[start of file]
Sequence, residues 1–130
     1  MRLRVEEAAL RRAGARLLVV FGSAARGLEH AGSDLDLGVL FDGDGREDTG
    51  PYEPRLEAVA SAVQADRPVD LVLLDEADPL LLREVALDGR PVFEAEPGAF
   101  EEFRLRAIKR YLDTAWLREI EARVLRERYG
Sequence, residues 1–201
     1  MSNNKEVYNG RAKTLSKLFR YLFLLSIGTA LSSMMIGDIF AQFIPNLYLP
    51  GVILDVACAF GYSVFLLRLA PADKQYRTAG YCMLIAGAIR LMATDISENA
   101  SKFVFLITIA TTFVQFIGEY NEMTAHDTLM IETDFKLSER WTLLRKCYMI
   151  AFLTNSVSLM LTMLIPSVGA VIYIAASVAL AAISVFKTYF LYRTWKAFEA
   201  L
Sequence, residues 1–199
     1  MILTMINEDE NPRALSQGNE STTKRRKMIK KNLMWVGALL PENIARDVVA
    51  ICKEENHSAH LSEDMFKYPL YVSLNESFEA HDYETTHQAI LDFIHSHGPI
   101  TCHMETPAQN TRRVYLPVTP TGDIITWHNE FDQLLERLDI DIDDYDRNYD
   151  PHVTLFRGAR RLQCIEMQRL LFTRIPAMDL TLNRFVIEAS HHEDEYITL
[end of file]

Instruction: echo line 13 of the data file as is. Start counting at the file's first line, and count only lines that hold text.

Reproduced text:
    51  ICKEENHSAH LSEDMFKYPL YVSLNESFEA HDYETTHQAI LDFIHSHGPI